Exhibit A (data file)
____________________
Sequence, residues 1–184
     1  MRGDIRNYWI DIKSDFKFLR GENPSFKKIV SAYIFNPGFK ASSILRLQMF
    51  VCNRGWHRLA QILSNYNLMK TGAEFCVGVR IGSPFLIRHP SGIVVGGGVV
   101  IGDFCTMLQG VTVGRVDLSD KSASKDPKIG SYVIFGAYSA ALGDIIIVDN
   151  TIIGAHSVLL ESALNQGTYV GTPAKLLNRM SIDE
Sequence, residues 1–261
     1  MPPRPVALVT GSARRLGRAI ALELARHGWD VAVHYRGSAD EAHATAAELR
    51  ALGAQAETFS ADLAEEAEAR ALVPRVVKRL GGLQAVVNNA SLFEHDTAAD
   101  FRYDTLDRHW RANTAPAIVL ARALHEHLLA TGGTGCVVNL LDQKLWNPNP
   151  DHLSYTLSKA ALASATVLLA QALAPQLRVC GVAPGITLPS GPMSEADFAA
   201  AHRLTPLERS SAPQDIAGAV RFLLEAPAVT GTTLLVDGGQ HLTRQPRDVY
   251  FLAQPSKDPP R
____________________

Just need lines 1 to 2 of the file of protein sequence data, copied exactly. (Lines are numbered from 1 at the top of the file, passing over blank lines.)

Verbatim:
Sequence, residues 1–184
     1  MRGDIRNYWI DIKSDFKFLR GENPSFKKIV SAYIFNPGFK ASSILRLQMF